Philistines or Luddites?
Luddites. Although this is a tough one—the Philistine Pentapolis (already awesome name) was, according to the Bible, the Kingdom of Israel’s most dangerous enemy, which is pretty badass. They also managed to capture the Ark of the Covenant at one point, similar to Indiana Jones. And they have a pretty definite link to Mycenaean culture too, points for that. However, there’s something way cooler about Luddites. Here is everyone’s favorite proto David Foster Wallace, Pynchon, discoursing on how awesome they were/are:
…the Oxford English Dictionary has an interesting tale to tell. In 1779, in a village somewhere in Leicestershire, one Ned Lud broke into a house and “in a fit of insane rage” destroyed two machines used for knitting hosiery. Word got around. Soon, whenever a stocking-frame was found sabotaged — this had been going on, sez the Encyclopedia Britannica, since about 1710 — folks would respond with the catch phrase “Lud must have been here.” By the time his name was taken up by the frame-breakers of 1812, historical Ned Lud was well absorbed into the more or less sarcastic nickname “King (or Captain) Ludd,” and was now all mystery, resonance and dark fun: a more-than-human presence, out in the night, roaming the hosiery districts of England, possessed by a single comic shtick — every time he spots a stocking-frame he goes crazy and proceeds to trash it.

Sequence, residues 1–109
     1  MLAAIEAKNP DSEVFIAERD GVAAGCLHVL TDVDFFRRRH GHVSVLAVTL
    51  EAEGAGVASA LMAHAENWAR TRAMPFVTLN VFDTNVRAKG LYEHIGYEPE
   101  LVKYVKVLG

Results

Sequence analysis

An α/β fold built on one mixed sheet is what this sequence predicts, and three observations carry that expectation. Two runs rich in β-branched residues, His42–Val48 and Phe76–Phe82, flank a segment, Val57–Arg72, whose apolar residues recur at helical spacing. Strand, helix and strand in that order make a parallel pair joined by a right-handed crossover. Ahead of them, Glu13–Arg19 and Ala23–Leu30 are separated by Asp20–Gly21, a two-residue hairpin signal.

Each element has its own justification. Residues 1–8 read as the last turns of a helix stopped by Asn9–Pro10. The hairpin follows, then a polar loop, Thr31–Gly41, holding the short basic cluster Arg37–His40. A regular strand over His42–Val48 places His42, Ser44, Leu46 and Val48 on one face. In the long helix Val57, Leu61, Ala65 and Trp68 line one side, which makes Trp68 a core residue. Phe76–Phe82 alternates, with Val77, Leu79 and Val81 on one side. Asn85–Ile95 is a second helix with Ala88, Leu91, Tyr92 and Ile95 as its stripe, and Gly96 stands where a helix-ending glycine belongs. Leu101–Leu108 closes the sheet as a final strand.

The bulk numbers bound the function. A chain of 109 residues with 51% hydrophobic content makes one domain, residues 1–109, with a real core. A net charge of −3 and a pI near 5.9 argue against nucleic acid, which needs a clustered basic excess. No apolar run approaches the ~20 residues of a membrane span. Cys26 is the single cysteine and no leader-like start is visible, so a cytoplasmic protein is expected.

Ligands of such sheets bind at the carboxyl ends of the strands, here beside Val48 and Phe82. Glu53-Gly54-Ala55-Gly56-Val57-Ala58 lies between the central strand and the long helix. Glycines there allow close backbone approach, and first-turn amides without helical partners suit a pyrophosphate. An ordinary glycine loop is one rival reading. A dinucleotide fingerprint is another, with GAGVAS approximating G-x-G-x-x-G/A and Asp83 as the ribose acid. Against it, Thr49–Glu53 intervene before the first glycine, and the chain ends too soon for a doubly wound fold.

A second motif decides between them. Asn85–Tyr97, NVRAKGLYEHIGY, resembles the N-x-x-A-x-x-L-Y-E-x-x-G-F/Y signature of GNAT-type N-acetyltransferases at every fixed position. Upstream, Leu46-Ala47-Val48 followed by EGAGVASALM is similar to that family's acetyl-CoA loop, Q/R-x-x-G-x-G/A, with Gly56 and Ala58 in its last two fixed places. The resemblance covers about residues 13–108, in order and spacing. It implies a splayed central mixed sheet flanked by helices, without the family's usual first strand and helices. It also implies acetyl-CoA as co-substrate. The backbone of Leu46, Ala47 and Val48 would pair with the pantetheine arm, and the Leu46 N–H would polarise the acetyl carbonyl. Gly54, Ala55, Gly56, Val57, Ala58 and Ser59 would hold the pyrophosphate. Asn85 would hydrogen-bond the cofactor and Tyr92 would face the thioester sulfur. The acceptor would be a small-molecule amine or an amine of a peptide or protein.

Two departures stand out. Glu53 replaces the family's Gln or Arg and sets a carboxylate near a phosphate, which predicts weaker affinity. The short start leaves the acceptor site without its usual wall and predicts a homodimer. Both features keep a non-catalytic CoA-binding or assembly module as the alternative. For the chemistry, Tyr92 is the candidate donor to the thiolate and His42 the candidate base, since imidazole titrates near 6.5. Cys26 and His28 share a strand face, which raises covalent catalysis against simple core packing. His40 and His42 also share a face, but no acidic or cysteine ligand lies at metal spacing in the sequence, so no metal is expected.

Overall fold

There is a long folk history of this figure, the Badass. He is usually male, and while sometimes earning the quizzical tolerance of women, is almost universally admired by men for two basic virtues: he Is Bad, and he is Big. Bad meaning not morally evil, necessarily, more like able to work mischief on a large scale. What is important here is the amplifying of scale, the multiplication of effect.
The knitting machines which provoked the first Luddite disturbances had been putting people out of work for well over two centuries. Everybody saw this happening — it became part of daily life. They also saw the machines coming more and more to be the property of men who did not work, only owned and hired. It took no German philosopher, then or later, to point out what this did, had been doing, to wages and jobs.